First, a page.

I've read The Pearl (hated it), Of Mice and Men (liked it and loved it when I saw it performed as a play) and East of Eden (loved it - actually read it for pleasure) but somehow Steinbeck's most famous novel never ended up on my reading list.
I've read some of the Russians - Crime and Punishment, Fathers and Sons by Turgenev - but never the major one. Since my main memory is being really confused by them I have my doubts I'll ever get to this one or Anna Karenina
I've never been a big science fiction reader and hadn't really read any until the last few years. This was always on the alternate reading lists and I just never got around to it. I thought I had seen a movie adaptation of it but it turned out that I was getting 1984 confused with Fahrenheit 54. I've had this explained to me enough times that I do understand the term Big Brother
Or actually any Tolkien. I did attempt The Hobbit right when this movie came out but I was in college and it didn't go well. We own them all and my husband has read all the books a billion times but I have not. I have read all the Narnia books and since Lewis and Tolkien were friends it kind of counts right??
Part of the problem is I lump Melville in with Hawthorne for some reason and I hated The Scarlet Letter. Like didn't finish it, got the cliff notes hated it.
I read Pride and Prejudice and enjoyed it and have actually reread it but I never got to this one. I did decide I was going to read all the Austen novels around 10 years ago but the first one I found in the used bookstore I used to frequent was Northanger Abbey which I didn't particularly care for. That kind of put a damper on the Read All the Austens quest. However, of all the ones on this list this is one that has the greatest chance of actually being read.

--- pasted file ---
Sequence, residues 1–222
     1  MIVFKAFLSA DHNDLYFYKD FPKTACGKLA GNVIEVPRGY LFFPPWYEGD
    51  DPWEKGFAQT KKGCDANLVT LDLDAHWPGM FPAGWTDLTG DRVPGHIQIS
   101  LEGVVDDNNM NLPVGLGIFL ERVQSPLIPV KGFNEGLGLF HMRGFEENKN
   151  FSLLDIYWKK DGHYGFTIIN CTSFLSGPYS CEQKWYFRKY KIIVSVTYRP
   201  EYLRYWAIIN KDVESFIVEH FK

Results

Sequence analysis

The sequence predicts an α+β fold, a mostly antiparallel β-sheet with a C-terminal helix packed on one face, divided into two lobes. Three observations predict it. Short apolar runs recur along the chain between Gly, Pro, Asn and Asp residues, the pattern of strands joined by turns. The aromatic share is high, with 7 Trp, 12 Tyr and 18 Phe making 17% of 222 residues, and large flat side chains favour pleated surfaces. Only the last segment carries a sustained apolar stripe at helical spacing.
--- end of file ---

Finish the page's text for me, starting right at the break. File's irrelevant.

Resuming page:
I have a vague memory of this being on the syllabus for one of my college English classes but running out of time. I know who Sylvia Plath is, I know a bit about her life but I've never read any of her actual writing.
I read Great Expectations in 9th grade and didn't care for it. Other than loving Mrs. Havisham I mostly remember Pip complaining A LOT. This didn't exactly inspire me to read more Dickens.
I know people absolutely adore this one but for some reason it was never on my radar. This is another one that's likely to get read in the near future.
12th grade English was International literature and Joyce fell into that category. Why my English teacher had a bunch of 17 year olds read Portrait of the Artist as a Young Man is beyond me. I remember spending a lot of time sitting class asking each other things like "Wait, who is her? Is it the friend or the naked chick in the creek?" and "I thought I kind of understood but now I'm completely lost. What is this book about??" To make it better my teacher's teaching philosophy was we read the book in class then took the test. New book, repeat. I had a fabulous teacher in 11th grade which cemented a love of Shakespeare but I definitely don't get the warm fuzzies about Joyce or the Russians.
So that's a few of the gaps in my education. What are you missing?